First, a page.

The Twisted Garden Hose and the Myth of the Toilet Flush

If you have wrapped your head around why and how the U-shaped tube in the flow meter (described in my previous post) is twisted by the Coriolis force - here is a video of a simple experiment brought to my attention by the author of the quoted article on gyroscope physics: You could also test it … Continue reading The Twisted Garden Hose and the Myth of the Toilet Flush

Intuition and the Magic of the Gyroscope – Reloaded

I am baffled by the fact that my article The Spinning Gyroscope and Intuition in Physics is the top article on this blog so far. So I believe I owe you, dear readers, an update. In the previous article I have summarized the textbook explanation, some more intuitive comments in Feynman's Physics Lectures, and a new … Continue reading Intuition and the Magic of the Gyroscope – Reloaded

Physics / Math Puzzle: Where Is the Center of Mass?

On randomly searching for physics puzzles I have come across QuantumBoffin's site. The puzzle is about how to determine the center of mass of a body using the plumb line method, given there is some uncertainty due to experimental errors. You have found three plumb lines not intersecting in a single point; thus the three intersections of … Continue reading Physics / Math Puzzle: Where Is the Center of Mass?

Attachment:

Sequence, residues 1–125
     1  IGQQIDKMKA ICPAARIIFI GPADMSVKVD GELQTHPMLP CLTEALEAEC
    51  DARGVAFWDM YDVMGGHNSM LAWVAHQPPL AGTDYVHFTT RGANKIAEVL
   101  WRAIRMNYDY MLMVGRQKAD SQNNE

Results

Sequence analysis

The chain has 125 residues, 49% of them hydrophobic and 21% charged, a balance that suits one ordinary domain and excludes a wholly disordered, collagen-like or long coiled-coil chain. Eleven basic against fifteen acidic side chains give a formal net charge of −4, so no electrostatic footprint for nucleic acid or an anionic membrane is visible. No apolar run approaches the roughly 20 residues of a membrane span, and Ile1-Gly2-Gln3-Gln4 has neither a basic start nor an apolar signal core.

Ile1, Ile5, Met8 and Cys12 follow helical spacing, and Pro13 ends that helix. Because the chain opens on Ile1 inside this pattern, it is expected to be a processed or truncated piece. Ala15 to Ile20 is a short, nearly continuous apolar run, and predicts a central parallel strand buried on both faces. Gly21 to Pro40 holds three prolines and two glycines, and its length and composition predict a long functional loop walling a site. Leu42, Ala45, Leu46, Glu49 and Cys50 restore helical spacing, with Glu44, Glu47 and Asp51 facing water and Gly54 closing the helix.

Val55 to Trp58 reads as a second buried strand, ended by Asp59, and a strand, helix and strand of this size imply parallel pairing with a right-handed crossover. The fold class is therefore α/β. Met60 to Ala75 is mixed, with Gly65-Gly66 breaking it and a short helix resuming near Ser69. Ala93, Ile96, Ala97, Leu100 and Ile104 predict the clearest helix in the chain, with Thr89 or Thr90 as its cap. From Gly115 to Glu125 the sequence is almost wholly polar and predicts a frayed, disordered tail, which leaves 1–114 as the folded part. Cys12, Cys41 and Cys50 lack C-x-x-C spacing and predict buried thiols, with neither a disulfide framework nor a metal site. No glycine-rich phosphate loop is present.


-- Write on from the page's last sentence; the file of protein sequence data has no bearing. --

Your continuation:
Random Thoughts on Temperature and Intuition in Thermodynamics

Recent we felt a disturbance of the force: It has been demonstrated that the absolute temperature of a real system can be pushed to negative values. The interesting underlying question is: What is temperature really? Temperature seems to be an intuitive everyday concept, yet the explanations of 'negative temperatures' prove that it is not. Actually, atoms have … Continue reading Random Thoughts on Temperature and Intuition in Thermodynamics

Why Fat Particles Radiate Less

I am just reading Knocking on Heaven's Door by Lisa Randall which has a chapter on the impressive machinery of Large Hadron Collider. The LHC has been built to smash proton beams against each other: Protons, not electrons. Why protons? I stumbled upon the following statement: "But accelerated particles radiate, and the lighter they are, the more they do … Continue reading Why Fat Particles Radiate Less

Is It Determinism if We Can Calculate Probabilities Exactly?

I set a stretch goal for myself: I want to force myself to keep some posts of mine short. As a fan of MinutePhysics I am launching a new category: Physics in a Nutshell. I am going to try to tackle a question that has bothered me for a while - hopefully briefly and concisely. ___________________________________ The question of … Continue reading Is It Determinism if We Can Calculate Probabilities Exactly?

Why Do Heat Pumps Pump Energy so Easily?

I know my posts are usually walls of text, but I am trying to improve! In his landmark physics course, the Feynman Lectures on Physics, Richard Feynman tries to explain what an explanation in physics actually is. You can always understand "the math" and follow a proof step-by-step. But deep, yet intuitive, understanding becomes harder and … Continue reading Why Do Heat Pumps Pump Energy so Easily?